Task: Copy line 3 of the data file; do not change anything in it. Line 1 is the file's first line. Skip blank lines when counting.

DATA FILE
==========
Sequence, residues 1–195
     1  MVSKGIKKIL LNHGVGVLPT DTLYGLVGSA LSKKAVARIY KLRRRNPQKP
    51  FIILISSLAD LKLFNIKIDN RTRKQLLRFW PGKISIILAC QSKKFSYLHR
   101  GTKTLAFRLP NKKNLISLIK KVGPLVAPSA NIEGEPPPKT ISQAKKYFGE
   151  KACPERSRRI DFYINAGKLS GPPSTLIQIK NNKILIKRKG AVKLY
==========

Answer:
    51  FIILISSLAD LKLFNIKIDN RTRKQLLRFW PGKISIILAC QSKKFSYLHR